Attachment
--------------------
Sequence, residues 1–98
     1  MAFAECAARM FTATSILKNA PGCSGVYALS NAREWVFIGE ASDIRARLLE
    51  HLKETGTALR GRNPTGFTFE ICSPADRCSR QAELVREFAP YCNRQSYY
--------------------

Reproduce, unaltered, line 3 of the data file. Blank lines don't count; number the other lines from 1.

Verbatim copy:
    51  HLKETGTALR GRNPTGFTFE ICSPADRCSR QAELVREFAP YCNRQSYY